Teaching my kids to play with sensory bins has saved my sanity.
What’s inside this post: Tips and tricks for introducing sensory bins to toddlers and teaching them how to appropriately play with them.
The first time I tried a sensory bin with my son was a disaster.
I dumped a giant bag of rice into a plastic container, set it on the floor of my house and gave my then 22 month old this “Well, play with it” kind of look.
It didn’t work. At all.
He played for about 3 minutes and dumped rice everywhere.
This was not the Pinterest-worthy, Mom of the Year toddler activity I was going for.
I wanted him to play nicely for minutes upon minutes. I wanted the mess to stay contained. I wanted to sit back, sip my coffee and get a little break.
Picking rice out of my carpet was not what I had in mind.
I was missing a key piece to my sensory bin play that day and I’ve since learned the secret to long lasting, (semi)tidy sensory fun:
I’ve learned that you have to “train” toddlers how to do sensory bins.
You also have to train yourself.
Sensory bins can be a beautifully easy toddler activity once your child has learned how to interact with them (and, no offense, you’ve learned how to manage them).
Here’s the truth that no one ever talks about:
You have to teach your toddler how to play with sensory bins. This isn’t something they’re born knowing how to do.
Learning to play with sensory bins is kind of like teaching a toddler to eat. Eating is messy at first, but you teach, you lay out ground rules, you build boundaries and one day, you realize you aren’t scraping spaghetti off the ceiling anymore.
My son started with sensory bins at 22 months old and had them mastered by 24 months old. My daughter started her training at 16 months old and was a sensory bin pro at 20 months old.
My kids aren’t perfect, but they are pretty awesome at playing with sensory bins and keeping them (relatively) clean. It didn’t happen over night or by accident.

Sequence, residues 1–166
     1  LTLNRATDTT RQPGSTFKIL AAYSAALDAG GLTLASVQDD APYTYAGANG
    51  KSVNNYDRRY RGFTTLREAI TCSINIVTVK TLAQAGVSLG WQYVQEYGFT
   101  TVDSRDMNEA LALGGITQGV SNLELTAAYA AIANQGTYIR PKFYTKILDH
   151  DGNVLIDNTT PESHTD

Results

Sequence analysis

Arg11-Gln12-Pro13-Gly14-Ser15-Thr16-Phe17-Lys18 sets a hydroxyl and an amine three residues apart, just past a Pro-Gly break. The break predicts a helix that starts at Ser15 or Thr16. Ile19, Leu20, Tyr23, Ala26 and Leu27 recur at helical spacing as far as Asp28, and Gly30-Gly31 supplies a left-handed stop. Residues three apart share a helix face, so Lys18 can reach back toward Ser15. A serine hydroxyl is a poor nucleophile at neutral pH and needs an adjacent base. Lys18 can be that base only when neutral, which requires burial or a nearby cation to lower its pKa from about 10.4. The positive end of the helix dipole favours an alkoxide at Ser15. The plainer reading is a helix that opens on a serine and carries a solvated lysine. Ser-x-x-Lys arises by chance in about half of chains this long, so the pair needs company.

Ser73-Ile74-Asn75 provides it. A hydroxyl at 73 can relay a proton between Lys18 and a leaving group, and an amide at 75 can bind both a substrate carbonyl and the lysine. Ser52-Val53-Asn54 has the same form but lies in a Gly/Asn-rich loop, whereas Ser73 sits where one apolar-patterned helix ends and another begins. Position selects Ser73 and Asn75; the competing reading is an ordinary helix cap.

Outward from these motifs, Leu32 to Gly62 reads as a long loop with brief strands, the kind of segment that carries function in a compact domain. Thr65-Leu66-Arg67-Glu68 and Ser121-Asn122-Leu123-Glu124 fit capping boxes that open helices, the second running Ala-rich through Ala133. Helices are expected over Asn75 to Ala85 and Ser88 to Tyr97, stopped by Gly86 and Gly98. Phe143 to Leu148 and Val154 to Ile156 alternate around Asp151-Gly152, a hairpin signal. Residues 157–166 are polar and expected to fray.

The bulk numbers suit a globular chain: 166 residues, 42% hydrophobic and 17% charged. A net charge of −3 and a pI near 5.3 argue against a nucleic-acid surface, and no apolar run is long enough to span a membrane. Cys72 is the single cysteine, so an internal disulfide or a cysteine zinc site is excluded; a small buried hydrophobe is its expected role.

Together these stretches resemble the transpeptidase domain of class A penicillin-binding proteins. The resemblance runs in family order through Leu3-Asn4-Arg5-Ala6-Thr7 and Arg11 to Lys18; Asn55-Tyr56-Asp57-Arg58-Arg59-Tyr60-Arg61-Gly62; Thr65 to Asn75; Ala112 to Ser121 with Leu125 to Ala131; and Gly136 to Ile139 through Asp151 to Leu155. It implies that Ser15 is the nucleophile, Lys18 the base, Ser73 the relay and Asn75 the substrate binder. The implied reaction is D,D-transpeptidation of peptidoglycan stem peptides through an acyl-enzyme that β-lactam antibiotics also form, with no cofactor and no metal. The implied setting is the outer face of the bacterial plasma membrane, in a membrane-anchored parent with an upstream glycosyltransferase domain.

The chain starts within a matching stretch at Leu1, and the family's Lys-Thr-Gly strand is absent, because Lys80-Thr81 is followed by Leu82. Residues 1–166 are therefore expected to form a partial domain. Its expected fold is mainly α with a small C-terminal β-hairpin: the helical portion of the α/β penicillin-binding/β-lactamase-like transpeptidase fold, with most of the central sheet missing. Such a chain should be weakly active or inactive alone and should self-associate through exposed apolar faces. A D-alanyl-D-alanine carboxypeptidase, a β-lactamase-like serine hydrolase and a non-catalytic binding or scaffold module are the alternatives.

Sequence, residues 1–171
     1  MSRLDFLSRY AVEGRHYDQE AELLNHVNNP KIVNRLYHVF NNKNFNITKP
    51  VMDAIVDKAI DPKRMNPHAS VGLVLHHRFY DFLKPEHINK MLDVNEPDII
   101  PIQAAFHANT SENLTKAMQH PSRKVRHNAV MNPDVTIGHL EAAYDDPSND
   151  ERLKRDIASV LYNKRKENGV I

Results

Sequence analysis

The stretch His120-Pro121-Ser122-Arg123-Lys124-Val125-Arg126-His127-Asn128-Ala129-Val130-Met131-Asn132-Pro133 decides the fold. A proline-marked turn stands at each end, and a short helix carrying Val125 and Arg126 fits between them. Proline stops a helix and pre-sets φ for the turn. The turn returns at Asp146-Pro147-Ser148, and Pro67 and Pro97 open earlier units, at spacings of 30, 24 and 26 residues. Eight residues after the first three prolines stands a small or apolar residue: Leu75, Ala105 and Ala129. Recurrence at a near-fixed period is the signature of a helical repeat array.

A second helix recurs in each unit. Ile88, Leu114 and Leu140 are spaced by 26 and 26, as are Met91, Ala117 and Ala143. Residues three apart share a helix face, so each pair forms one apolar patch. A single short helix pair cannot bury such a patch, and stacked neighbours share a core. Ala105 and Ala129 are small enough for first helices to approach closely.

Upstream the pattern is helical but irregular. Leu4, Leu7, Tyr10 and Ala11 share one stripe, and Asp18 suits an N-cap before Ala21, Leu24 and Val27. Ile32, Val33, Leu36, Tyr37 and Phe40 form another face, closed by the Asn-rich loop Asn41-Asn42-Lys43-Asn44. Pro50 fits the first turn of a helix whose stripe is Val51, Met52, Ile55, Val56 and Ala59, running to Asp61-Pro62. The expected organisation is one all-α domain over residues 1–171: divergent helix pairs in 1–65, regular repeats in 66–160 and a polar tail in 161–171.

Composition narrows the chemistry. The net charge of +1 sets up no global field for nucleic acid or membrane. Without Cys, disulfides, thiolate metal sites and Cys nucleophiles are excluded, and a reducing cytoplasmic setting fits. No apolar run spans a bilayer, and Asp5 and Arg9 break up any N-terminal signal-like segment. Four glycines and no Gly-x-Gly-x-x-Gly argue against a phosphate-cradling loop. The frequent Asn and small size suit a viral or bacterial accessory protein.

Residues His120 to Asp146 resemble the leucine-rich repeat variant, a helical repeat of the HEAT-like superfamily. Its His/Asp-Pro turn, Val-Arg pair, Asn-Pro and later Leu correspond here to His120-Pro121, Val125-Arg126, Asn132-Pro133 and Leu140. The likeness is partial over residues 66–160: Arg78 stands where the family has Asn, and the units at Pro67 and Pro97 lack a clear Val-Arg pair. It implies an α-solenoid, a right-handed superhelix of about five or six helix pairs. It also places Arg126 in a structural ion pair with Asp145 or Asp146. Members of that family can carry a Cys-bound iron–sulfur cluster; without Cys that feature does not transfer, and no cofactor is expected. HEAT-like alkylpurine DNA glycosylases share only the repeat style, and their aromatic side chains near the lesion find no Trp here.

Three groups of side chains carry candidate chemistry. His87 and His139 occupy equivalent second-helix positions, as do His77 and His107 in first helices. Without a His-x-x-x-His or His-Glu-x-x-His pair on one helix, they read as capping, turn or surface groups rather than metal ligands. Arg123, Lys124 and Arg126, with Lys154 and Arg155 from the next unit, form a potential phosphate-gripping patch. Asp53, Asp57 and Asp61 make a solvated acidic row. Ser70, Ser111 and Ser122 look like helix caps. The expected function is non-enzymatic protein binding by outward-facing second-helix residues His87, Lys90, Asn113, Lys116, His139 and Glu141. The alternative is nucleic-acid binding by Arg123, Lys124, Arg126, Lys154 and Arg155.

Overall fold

My tips for introducing sensory bins to toddlers and teaching them how to play appropriately with them.
Start simple. Make your first sensory bin a simple sensory bin. I’d suggest starting with rice. Rice is edible (wink) and vacuums easily. It’s low commitment if things go south.
Accept that it’s going to go south. Just accept it right now. The first few times and when they are young, they will make a mess. Remember, this is a lot like when you introduced food – it was messy at first. Keyword: was.
My job as Mom is to teach them to limit that mess. Small sloshes of rice is fine; dumping the entire tub of rice on the carpet is not acceptable. I draw the line at intentional pouring (wink).
“I giveth and I taketh away-eth”. Do not be afraid to take away a sensory bin. In fact, I’d encourage you to take the bin away when things get crazy to set some boundaries. Sensory Bin Time Outs are a real thing at my house.
My rules: We do not eat our sensory bins. We do not dump our sensory bins. Both of those rules (aka the only real sensory bin rules) are non-negotiable.
I usually give one warning or reminder. After that, I take the bin away. I always put my bins together inside a giant under the bed storage tub (affiliate link). Keeps things tidy and makes for a quick removal.
I put the bin in “time out” for a few minutes. Then we try again. I repeat the same phrase over and over “We do not eat our sensory bins. We do not dump our sensory bins.”
Rome and sensory bin etiquette are not built in a day. This will take time. But every try and every chance to play with the bins, my kids got better and better. Yours will too. You don’t need to try every day but every now and then is great.
Give the toddlers a large area to play. I always make my sensory bins in a large under the bed storage bin so they have room to work. This helps keep the materials in bounds and off my floor.
Keep the mess under control. See the above rules on sensory bins – my kids know I will take the bin away. They know Mom does not want rice or shredded paper or beans on her floor. They get it. Even at 20 months, they get it.
Don’t start with something messy. Set yourself up for success as you begin the sensory bin adventure. Jell-O is so much fun to play with but maybe not the best until you’ve got your sensory bins skills now.
For messy sensory bins (like Jell-O or Oobleck), I set the bin on a shower curtain liner (affiliate link) – kind of like a makeshift toddler tarp. It’s machine washable and works great.
Have a few key supplies. You don’t need a ton of supplies to make sensory bins a hit, but you do need the right supplies. Check out my list of sensory bin basics that I keep in my house.
Always supervise.It goes without saying: sensory bins should always be closely supervised.
Looking for some sensory bin suggestions to get started with?
Try one of these:
- Rice Bin
- Pouring Station
- Scooping Station
- Scoop and Transfer
- Bean Pool
- Pom Pom Pouring Station
- Scooping Rice
Don’t let sensory bins scare you! A little teaching and the right supplies can make sensory bins your go-to toddler activity too.
Will you try a sensory bin with your toddler?